I wrestled an alligator this morning. Right in my own bathtub. At least it felt that way. My own little squirmy, stinky, paint-spattered black and white furred alligator. And we both came out of it with water covering us from head to tail...not to mention hairy with dog fur.
During the house painting extravaganza that's been going on around here in fits and starts (depending on the weather and busy schedules), Jamaica has grown increasingly buff-colored on top of her long hair. She just can't manage to stay away from the walls, the paint can, the roller. A couple days ago, E made the brilliant decision to empty some painty water onto the back grass, right off the patio where both dogs tend to step. Now our bruiser, Jackson, who always watches where he walks, cut a wide swath around that puddle, but Maica bounced right into it without a thought. It was paw-painting after that, with the lawn as her canvas.
Anyway, needless to say, she's really needed a bath. It, of course, wasn't her first bath. That one was quite a memorable one. When she was tiny, I bathed her in our deep kitchen sink, but finally the day came when she was too big to fit, so I filled the bathtub and set her in it. What made it interesting was that Jackson, the Big Lug, was deeply engaged in the process, leaning over the tub beside me to try to understand what this new game was. We've never bathed Jackson. At least not in the house. We hose him off out back, when we have to, but even that doesn't happen very often. He's too finicky to get very dirty most of the time. But that day, when I got Jamaica out of the tub, and dried her off, Jackson stood beside me, whining. Finally I said, "OK, go ahead," and he stepped right into the tub, and plopped into a 'sit'. So I gave him his first shampoo. And his last! Ever since then, he's shown no interest in the procedure. He'd found out all he needed to know.
But Jamaica just can't keep herself clean on her own. She needs me to scrub her. As I was bathing her this morning, I thought of one of my favorite passages in the Narnia Chronicles. It's in The Voyage of the Dawn Treader. The boy Eustace--a really swarmy, boy of whom CS Lewis says in the opening sentence of the book, "There was a boy named Eustace Clarence Scrubb, and he almost deserved it."--has become a dragon because of his greed. He's stolen a bracelet from a dragon's lair and put it on his arm. The next day, he awakens to discover he's become a dragon himself, and the bracelet is pinching his arm terribly. It gets worse and worse--the pain, the sense of isolation, his desire to be a better boy--until he meets a lion who leads him to a pool, or bath, as he calls it. Looking at the pool, he imagines how much better he might feel if the water can soothe his arm. But the lion 'tells' him he must undress first, by which Eustace realizes means to de-scale his skin. He manages to get a whole layer of scales off--like a snake-skin--but there are more scales beneath, and more beneath that layer, and more, and more...Finally, the lion tells him that he--the lion--must undress him. In Eustace's desperation, he allows this, even knowing how terrible the lion's claws might be. So the dragon-boy lies down on the grass and lets the lion have his way with him.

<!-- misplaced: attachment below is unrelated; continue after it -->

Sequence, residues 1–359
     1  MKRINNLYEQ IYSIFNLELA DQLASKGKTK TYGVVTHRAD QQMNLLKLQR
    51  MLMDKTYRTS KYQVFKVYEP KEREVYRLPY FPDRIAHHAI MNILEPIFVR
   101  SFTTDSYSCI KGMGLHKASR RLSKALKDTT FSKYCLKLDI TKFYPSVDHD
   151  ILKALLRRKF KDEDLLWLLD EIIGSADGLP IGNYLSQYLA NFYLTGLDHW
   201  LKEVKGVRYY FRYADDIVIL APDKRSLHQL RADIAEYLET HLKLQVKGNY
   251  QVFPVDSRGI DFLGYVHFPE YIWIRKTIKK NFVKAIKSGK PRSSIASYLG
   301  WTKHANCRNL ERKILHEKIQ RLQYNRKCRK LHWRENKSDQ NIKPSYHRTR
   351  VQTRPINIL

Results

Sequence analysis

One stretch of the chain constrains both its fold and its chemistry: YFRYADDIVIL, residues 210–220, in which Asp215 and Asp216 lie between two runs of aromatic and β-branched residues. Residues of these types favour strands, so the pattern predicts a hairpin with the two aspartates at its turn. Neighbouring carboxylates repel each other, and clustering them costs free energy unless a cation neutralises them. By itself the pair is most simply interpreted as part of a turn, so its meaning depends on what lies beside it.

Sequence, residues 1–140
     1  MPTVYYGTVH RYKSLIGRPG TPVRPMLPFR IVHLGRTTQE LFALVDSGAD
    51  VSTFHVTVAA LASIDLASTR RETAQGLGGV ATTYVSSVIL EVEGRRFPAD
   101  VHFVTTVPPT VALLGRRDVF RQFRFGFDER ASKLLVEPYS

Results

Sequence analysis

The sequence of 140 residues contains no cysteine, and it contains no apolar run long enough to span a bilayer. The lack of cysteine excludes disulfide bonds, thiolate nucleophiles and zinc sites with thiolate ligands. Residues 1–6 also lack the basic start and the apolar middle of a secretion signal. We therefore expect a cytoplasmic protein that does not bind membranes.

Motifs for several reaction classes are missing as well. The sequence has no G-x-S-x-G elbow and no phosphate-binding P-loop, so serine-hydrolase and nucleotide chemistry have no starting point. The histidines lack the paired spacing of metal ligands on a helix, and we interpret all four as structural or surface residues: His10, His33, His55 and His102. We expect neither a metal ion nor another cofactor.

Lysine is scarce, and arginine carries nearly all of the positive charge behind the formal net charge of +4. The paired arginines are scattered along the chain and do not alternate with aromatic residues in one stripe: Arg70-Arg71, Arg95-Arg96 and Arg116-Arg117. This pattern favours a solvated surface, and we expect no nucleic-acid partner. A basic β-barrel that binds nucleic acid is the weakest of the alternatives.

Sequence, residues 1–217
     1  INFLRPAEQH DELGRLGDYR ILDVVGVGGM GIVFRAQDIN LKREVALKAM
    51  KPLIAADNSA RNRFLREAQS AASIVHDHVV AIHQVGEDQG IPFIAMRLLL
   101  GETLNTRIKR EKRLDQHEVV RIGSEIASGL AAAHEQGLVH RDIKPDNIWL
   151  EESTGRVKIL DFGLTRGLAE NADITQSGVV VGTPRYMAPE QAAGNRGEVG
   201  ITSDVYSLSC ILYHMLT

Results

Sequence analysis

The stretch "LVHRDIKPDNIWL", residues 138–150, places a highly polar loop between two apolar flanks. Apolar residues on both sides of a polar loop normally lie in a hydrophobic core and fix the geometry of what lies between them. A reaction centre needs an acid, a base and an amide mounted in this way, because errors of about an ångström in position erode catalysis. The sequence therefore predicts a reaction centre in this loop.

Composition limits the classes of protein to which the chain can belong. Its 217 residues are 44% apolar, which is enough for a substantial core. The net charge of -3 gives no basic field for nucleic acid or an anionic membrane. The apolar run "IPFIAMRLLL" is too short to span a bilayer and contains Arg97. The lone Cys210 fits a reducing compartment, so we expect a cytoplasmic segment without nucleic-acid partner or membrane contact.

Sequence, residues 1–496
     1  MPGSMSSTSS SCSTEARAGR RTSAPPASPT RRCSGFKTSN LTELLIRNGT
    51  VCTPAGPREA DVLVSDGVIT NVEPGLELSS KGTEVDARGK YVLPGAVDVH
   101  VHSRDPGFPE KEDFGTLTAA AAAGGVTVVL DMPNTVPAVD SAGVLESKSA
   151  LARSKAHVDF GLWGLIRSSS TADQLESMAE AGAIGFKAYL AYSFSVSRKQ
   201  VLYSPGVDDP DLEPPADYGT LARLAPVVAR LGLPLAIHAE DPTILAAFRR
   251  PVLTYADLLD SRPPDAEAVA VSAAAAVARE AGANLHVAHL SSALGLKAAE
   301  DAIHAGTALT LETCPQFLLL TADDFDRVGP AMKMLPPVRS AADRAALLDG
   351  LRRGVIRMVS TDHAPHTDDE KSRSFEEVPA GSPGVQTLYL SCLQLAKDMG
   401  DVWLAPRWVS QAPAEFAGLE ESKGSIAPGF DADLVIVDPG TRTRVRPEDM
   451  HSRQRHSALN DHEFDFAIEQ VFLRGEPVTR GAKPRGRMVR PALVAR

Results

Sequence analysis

"The very first tear he made was so deep that I thought it had gone right into my heart. ANd when he began pullingthte skin off, it hurt worse than anything I've ever felt. The only thing that made me able to bear it was just the pleasure of feeling that stuff peel off...
"Well, he peeled the beastly stuff right off--...and there I was as smooth and soft as a peeled switch and smaller than I had been. THen he caught hold of me--I didn't like that much for I was very tender underneath now that I'd no skin on--and threw me into the water. It smarted like anything but only for a moment. After that it became perfectly delicious and as soon as I started swimming I found that all the pain had gone from my arm...I'd turned into a boy again."
I love this. Because I've been covered with my own dragon skins once or twice...or make that too often to count. I've done things, or haven't done things, so greedy, so selfish, so sinful, that my own human skin gets covered with hard ridges of scales. And no matter what I do to try and rip those scales off, I can't. I don't have the right claws for the job. That moment when Eustace lies down, that surrender? It's called repentance. "Change me into what you made me to be. Remove this skin--this sin--from me." It's easy to say, "I'm sorry." It's a whole lot harder to say, "Change me. Remake me into what I'm supposed to be." It takes Him to do it. Our own lion of Judah. It takes him to throw us into a bath and make us clean and fresh and newly human. And the pain we feel in confessing our sin, and asking Him to forgive us--and I honestly believe with real repentance, there is pain--is good. It cost Him a lot to make us new, and, as Deitrich Bonhoeffer famously said, "What costs God much cannot be cheap to us."